Monday, June 02, 2008

On Fruits


Sunday I had two new fruits to try. I started with the Rambutan, which I had seen in large quantities while in Thailand but did not try there. The name comes from the Malay word rambut, which means "hairs." It seems a fitting name as the outside of the fruit is covered with stringy hairs. It is a pretty strange looking fruit.

To open, I sliced in half the fruit in half with a knife and you can see the interior of the fruit from the picture in the top right. Each fruit has one large seed inside and you can squeeze the outside to "pop" it out. Don't eat the seed uncooked, it is mildly poisonous according to Wikipedia.

The flesh of the fruit is a milky, but largely transparent, white color and has a consistency that made me think of jello. The fruit itself had a fairly mild but sweet taste. An enjoyable tropical treat for a hot day (which we have had plenty of lately - the heat index is usually in the high 90s during the daytime).


Dragonfruit, known locally as 火龙果 (fire dragon fruit), is the fruit of a number of species of cacti and native to Mexico and Central and South America according to Wikipedia. The fruit has also developed a big following here in Asia and is grown in many countries as well as locally here in southern China.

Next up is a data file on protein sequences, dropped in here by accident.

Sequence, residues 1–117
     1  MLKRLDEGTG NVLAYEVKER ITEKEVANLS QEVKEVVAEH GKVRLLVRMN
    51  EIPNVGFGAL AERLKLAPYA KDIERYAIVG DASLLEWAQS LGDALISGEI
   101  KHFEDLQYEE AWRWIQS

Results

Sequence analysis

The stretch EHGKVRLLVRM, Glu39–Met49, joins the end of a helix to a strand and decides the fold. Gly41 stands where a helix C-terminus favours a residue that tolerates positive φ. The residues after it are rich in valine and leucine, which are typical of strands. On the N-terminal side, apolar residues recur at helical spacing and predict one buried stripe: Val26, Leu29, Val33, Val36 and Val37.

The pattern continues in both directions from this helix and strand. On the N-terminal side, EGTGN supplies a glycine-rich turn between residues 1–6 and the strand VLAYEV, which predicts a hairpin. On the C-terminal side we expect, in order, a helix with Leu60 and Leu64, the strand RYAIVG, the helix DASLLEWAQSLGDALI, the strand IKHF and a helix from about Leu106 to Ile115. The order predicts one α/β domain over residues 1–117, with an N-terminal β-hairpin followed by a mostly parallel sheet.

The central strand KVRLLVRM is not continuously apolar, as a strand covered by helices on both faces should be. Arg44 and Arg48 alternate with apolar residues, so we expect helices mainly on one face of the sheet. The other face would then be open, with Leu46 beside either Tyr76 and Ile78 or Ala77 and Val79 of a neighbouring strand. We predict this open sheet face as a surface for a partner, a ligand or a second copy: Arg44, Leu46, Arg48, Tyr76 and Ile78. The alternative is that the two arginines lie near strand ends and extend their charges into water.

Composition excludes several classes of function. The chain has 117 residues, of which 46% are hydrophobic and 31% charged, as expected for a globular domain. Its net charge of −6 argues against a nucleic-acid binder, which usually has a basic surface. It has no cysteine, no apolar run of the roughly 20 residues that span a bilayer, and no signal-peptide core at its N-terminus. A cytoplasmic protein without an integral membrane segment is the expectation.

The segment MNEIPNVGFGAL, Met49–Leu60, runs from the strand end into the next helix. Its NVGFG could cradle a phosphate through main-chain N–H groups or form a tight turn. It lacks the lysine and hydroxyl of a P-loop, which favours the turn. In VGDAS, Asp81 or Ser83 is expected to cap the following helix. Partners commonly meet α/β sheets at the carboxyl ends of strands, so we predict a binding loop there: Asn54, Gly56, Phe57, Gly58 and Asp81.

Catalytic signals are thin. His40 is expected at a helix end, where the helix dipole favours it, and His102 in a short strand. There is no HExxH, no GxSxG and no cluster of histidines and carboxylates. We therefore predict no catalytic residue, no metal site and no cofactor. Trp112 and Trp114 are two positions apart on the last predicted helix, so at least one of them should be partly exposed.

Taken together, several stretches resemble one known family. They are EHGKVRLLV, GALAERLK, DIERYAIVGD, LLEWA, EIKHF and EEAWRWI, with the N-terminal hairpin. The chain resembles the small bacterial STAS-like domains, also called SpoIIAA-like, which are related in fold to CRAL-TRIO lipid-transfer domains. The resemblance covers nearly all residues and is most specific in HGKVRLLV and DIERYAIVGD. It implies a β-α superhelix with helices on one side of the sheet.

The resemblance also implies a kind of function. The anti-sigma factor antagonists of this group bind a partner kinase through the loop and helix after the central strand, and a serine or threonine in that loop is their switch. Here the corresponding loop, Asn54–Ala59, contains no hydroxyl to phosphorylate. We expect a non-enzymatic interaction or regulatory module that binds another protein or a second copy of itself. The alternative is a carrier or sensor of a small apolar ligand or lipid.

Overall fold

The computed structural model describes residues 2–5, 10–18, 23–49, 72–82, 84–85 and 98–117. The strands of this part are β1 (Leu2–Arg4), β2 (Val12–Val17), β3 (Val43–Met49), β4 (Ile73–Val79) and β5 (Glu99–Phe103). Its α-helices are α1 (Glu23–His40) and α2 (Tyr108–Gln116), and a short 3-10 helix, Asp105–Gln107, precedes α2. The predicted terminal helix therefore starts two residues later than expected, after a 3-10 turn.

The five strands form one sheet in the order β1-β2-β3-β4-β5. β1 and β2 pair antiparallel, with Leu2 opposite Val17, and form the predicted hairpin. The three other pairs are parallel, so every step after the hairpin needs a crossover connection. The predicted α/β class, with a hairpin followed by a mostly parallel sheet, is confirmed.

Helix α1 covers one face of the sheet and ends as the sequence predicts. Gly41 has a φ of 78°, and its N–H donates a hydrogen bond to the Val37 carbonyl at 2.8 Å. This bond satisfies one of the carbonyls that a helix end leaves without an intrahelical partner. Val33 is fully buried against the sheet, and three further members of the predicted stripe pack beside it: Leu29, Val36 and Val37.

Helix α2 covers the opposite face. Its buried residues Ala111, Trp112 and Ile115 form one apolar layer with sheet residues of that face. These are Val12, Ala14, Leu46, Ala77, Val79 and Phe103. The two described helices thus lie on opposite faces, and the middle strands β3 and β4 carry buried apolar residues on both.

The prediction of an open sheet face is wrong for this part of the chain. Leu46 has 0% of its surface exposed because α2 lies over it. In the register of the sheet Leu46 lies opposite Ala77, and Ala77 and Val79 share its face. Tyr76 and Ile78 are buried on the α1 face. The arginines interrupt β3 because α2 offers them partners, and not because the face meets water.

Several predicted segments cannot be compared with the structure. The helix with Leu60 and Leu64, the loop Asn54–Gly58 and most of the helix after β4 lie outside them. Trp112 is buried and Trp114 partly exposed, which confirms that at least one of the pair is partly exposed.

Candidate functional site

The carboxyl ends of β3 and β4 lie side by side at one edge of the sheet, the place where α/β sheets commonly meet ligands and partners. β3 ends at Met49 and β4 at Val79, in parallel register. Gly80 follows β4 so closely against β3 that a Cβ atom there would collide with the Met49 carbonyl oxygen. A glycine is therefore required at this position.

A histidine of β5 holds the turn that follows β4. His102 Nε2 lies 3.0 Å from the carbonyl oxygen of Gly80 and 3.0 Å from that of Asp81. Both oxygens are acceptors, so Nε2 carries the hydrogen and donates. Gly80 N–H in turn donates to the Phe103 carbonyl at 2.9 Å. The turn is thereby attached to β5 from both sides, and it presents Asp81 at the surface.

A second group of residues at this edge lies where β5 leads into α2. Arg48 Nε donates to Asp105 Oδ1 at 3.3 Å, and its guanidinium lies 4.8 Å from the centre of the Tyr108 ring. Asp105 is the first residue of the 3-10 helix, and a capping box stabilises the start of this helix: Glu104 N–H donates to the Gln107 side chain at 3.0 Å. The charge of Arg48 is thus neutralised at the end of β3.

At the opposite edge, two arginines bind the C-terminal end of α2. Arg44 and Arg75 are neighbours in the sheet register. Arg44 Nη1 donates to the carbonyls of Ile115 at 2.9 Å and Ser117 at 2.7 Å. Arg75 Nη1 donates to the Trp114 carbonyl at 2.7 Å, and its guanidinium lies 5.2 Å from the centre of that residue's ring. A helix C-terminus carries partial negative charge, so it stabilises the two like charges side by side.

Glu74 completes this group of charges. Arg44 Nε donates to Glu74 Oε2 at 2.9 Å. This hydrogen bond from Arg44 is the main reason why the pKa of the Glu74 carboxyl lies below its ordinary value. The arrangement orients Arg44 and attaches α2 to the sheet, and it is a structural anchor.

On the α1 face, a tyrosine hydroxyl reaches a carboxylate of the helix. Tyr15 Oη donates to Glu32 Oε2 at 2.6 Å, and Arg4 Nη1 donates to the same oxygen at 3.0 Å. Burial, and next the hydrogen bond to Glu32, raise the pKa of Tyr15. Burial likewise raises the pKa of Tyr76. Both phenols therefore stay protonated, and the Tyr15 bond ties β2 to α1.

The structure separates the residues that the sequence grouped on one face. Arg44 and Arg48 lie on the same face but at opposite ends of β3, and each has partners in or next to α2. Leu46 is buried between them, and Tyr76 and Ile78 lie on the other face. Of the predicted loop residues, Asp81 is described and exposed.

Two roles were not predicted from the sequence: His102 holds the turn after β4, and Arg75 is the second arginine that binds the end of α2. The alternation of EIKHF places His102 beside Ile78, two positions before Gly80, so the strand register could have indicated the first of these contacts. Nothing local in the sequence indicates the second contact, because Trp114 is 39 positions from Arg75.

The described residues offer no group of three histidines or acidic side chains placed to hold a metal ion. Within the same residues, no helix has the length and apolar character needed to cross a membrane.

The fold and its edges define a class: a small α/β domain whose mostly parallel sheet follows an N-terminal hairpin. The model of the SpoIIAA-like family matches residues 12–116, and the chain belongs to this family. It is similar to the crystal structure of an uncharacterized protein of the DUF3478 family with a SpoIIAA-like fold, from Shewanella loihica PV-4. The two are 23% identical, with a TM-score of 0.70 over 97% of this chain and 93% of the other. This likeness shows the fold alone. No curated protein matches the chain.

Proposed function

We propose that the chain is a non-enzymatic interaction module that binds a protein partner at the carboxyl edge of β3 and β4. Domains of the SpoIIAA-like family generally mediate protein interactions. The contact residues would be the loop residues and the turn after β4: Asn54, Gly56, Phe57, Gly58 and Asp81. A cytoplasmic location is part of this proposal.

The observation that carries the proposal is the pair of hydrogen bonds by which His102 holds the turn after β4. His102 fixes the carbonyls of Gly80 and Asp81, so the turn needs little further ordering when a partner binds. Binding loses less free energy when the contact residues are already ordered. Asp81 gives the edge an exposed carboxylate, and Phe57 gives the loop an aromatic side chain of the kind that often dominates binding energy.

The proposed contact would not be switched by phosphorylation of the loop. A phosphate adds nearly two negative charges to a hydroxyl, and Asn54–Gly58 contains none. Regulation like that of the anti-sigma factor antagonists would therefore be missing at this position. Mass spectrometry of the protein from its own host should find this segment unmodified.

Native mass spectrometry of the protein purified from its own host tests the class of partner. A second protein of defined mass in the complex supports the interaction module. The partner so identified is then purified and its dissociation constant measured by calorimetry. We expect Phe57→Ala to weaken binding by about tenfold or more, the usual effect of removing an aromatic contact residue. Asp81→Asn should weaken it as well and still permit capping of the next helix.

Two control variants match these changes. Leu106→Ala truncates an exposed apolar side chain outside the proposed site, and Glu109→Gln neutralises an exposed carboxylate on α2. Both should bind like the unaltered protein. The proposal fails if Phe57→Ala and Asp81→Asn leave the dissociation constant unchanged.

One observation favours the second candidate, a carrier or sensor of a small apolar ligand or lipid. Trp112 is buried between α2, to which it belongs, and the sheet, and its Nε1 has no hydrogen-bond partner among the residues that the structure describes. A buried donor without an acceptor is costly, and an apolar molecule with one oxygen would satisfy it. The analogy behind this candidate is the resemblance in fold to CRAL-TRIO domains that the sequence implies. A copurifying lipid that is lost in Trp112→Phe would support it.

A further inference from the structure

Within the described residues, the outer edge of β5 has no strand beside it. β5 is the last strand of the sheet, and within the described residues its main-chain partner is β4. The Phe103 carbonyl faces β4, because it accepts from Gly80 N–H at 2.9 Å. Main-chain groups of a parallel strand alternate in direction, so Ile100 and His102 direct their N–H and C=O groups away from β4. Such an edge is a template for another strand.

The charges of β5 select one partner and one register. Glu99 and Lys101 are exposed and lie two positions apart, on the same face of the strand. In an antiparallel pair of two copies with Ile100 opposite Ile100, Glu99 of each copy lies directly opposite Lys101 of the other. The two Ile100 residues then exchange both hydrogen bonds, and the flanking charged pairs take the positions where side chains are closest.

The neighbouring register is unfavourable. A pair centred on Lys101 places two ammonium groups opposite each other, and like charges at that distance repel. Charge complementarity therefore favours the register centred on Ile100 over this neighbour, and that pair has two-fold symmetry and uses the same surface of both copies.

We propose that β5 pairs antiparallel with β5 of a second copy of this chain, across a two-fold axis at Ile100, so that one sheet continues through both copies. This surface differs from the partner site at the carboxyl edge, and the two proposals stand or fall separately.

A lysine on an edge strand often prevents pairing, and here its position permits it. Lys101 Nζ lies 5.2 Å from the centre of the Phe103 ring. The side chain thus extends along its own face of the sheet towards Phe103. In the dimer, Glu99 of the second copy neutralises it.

The fruit has an interesting color, sort of a mixture of red and purple tones and a soft, fleshy skin. When cut open, the fruit flesh is white with numerous black seeds. Despite its unique colors and look, the fruit actually has a very mild and somewhat bland taste.

At many of the restaurants here you will often get a plate of mixed fruit delivered to the table for dessert and dragonfruit is usually among them.

Lychee vs. Litchi

Though not a new fruit to many people, I wanted to share something a Chinese friend recently told me about the spelling of the fruit. I've seen it spelled both ways and wondered why. Apparently it comes from the difference in the name of the fruit in Cantonese versus Mandarin. Lychee being the romanized spelling of the Cantonese name and Litchi, the Mandarin version. Either spelling seems to be acceptable in English.

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